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Alternative Museum An exhibition space where politics often shared the wall with art, at 17 White Street in TriBeCa. Under its director, Geno Rodriguez, the museum has shown artists who are not widely known in the commercial gallery world, as well as a variety of exhibitions on social themes ranging from the threat to endangered animal species to political torture and concepts of liberty. (nytimes 1988) Geno Rodriguez, Janice Rooney, and Robert Browning all cofounded the Alternative museum, which opened in 1975. The museum’s mission statement promised that it will, “remain a museum in flux, responding to the changing needs of our society.” The original name of the museum was called, the Center for International Arts, and began as a non-profit organization. The Center for International Arts approached pluralistically “the arts and cultural activities of New York City” (Ault , 41). In 1979, the Center for International Art relocated from East Fourth Street to 17 White Street, and changed its name to the Alternative Museum. The museum stayed in 17 White Street until the 1980s.

Today the museum is an active cyber museum with no physical location. Before the physical location closed, the museum held annual Dia de los Muertos celebrations. By the year 2000 the Alternative Museum decided to abandon its a 4,000-square-foot gallery space on Broadway in SoHo. In an interview granted to Arts at Large magazine titled Art Museum Abandons Its Real-World Space Mr. Rodriguez stated: "By 1990, people were asking, 'What's the difference between you guys and theNew Museum or Exit Art?'" Rodriguez said, referring to two progressively minded art spaces in New York. "We realized that we'd done our job well enough that the new generation didn't see any difference. So we started thinking in terms of change."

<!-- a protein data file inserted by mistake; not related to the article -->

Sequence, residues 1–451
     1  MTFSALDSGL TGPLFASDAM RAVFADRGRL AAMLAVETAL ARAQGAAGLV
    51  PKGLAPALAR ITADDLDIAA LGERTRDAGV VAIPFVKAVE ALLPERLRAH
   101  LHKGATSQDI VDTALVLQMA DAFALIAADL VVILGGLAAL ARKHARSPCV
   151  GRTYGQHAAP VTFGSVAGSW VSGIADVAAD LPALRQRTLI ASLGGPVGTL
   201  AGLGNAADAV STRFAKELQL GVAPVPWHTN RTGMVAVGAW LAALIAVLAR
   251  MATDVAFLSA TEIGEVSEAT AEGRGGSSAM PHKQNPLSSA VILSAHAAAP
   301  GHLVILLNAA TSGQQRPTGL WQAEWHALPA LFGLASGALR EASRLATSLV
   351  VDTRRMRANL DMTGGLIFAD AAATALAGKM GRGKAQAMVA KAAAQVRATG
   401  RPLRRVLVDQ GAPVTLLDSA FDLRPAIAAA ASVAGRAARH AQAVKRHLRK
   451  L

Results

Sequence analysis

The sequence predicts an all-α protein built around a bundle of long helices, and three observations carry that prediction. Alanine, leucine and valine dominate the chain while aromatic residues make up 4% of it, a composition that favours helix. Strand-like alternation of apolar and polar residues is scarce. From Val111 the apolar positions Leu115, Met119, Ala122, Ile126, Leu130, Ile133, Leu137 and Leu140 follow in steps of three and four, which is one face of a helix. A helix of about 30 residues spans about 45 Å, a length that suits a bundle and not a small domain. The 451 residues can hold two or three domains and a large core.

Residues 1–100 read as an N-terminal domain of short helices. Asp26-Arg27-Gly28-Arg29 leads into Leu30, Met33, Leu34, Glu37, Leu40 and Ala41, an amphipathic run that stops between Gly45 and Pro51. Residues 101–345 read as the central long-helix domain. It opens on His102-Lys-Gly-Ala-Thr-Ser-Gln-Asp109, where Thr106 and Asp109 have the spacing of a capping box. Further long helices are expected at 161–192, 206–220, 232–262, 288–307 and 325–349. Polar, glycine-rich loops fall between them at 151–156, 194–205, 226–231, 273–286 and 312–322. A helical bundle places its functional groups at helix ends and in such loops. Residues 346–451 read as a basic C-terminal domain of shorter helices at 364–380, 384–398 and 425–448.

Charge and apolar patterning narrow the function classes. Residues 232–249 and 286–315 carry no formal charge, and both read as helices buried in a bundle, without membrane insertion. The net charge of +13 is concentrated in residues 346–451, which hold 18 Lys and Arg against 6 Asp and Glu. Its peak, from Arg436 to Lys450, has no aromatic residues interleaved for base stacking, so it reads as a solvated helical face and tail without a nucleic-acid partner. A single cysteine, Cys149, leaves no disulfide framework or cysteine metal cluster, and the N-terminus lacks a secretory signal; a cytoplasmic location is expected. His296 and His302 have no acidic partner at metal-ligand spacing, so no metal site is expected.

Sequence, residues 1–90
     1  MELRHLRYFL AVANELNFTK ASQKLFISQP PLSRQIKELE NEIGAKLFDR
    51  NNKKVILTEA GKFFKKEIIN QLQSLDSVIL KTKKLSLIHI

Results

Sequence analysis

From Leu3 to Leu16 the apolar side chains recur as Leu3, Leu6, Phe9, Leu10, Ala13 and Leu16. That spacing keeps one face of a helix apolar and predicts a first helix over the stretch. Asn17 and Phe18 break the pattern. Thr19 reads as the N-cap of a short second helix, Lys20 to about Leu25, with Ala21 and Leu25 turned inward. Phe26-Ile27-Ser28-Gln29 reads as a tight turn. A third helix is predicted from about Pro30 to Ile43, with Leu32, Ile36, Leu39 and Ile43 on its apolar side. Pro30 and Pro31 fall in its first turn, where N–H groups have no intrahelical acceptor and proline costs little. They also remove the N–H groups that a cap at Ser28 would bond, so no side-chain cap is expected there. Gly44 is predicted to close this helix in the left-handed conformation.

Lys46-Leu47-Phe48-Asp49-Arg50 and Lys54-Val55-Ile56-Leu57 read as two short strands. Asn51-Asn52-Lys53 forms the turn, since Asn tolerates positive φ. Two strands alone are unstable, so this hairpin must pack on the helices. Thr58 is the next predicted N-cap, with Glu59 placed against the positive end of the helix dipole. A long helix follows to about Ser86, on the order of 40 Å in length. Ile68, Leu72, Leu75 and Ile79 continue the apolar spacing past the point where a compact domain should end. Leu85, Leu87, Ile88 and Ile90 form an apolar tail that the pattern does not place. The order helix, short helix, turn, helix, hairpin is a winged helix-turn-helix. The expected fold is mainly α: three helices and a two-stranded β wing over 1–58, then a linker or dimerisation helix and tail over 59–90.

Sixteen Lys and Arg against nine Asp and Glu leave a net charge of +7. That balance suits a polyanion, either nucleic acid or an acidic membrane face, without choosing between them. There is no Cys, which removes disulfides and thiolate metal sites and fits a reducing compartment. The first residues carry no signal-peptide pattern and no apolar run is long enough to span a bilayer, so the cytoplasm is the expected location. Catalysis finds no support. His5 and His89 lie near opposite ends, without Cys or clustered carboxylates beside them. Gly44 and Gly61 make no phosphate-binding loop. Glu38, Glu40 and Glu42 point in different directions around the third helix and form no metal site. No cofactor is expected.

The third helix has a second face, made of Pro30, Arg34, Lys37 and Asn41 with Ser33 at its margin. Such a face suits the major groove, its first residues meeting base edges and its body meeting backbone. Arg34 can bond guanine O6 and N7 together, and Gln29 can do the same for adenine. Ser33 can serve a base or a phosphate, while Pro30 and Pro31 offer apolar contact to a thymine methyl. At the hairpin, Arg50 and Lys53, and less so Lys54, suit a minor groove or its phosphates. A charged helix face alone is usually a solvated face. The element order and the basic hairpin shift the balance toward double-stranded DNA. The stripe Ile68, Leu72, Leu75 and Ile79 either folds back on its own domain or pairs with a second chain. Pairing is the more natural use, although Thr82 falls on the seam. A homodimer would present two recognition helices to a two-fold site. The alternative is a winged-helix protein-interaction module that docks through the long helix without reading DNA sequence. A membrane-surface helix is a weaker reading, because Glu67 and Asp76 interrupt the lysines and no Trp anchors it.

In its heyday period the Alternative Museum presented “challenging solo, group, and thematic exhibitions that interrelate politics and art and sometimes foreground social themes”, (Ault, 42-43) The museum focused on artists that were not in the mainstream, in particularly to one-person artist exhibitions. Some of these artist included, Adrian Piper, Terry Berkowitz, Luis Camnitzer, Ming Fay, Dennis Adams, and Tseng Kwong Chi. The museum’s social themes alos included striving catalogs with important historical writings like, Artisit of Conscience: Sixteen Years if Social and Political Commentary (1992), Disinformation: The Manufacture of Consent (1985), and Foreign Affairs: Conflicts in the Global Village(1988)